Natural: The USDA has only defined the term “natural” when it comes to certain foods: meat, poultry and eggs. If they’re marked with the “natural” label, these foods can’t contain artificial ingredients or added colors, and they must be minimally processed. And while the U.S. Food and Drug Administration (FDA) has not defined the term “natural” when it comes to foods, it does not object to the label if the product doesn’t contain added color, artificial flavors or synthetic substances. Still, many foods stamped with this label might contain additives, preservatives and processed sweeteners, clearly separating them from foods certified as organic.

Cage-free: When you see this label, it means the flock could roam freely in an enclosed area with unlimited access to food and water. The hens had bedding material such as pine shavings on the floor, and they were allowed perches and nest boxes to lay their eggs in. However, they may still have been at close quarters with many other hens and in most cases, the chickens may have never actually gone outside.

Free-range: This label, regulated by the USDA, means the flock had shelter with unlimited access to food and water, as well as a significant outdoor area where they could roam.

Grass-fed: Also regulated by the USDA, grass-fed animals are only raised on grass and shrubs, while meat certified only as organic comes from animals whose diet may have included grain to accelerate weight gain. You may have also started seeing grass-fed dairy, which comes from grass-fed animals. It’s important to note that this label does not limit the use of hormones, pesticides or antibiotics unless it’s designated as “grass-fed organic.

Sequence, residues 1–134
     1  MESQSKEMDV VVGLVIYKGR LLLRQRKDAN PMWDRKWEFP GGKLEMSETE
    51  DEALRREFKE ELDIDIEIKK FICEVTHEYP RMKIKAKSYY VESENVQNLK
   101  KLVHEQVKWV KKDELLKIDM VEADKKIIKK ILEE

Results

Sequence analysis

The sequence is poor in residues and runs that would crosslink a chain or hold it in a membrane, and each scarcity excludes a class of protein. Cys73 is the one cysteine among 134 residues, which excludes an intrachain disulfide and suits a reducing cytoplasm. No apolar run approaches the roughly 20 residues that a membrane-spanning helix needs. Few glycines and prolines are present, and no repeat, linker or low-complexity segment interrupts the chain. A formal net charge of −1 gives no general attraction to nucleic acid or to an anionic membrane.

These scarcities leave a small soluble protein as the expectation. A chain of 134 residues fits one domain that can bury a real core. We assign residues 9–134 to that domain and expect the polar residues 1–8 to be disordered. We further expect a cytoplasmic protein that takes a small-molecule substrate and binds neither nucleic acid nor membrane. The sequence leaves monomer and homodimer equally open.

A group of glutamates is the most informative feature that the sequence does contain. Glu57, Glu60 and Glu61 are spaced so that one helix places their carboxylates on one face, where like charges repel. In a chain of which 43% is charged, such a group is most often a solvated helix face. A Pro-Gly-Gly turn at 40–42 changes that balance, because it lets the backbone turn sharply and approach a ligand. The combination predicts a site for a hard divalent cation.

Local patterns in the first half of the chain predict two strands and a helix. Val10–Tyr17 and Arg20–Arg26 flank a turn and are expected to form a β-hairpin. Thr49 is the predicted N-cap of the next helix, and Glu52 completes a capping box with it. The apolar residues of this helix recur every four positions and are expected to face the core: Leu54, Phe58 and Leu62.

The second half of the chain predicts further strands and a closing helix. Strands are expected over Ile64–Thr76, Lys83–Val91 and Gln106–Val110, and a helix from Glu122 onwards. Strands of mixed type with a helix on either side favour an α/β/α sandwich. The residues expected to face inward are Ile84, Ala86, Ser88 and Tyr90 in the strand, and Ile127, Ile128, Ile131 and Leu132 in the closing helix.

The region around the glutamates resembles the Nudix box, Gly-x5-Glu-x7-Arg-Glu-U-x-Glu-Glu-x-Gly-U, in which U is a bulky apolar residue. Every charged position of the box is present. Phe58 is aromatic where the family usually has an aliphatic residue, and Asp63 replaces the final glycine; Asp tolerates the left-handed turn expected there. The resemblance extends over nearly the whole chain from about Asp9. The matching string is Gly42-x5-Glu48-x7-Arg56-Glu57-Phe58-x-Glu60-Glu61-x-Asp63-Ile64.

No Added Hormones: By law, the use of hormones and steroids is not permitted in poultry or pork. You may also see this labeled as “Raised without hormones.”

Should I Buy Only Organic Products?

While eating organic foods can be beneficial to your health, it may not be possible to do so all of the time, and you can still enjoy a healthy, clean diet that includes some conventional foods.

Consider focusing your efforts on these areas:

Produce: The Environmental Working Group (EWG) tracks the vegetables and fruits with the highest pesticide residue levels on its Dirty Dozen Plus list. Apples, celery, cherry tomatoes, cucumbers, grapes, hot peppers, kale/collards, (imported) nectarines, peaches, potatoes, (imported) snap peas, spinach, strawberries and sweet bell peppers all made the list in 2014, so it’s a good idea to look for these in the organic section of your market. Canyon Ranch purchases these foods organic whenever possible. Other types of produce does not pose as big of a concern with pesticides, so you can feel more comfortable buying conventional varieties: asparagus, avocado, cabbage, cantaloupe, cauliflower, eggplant, grapefruit, kiwi, mangos, onions, papayas, pineapples, (frozen) sweet peas and sweet potatoes.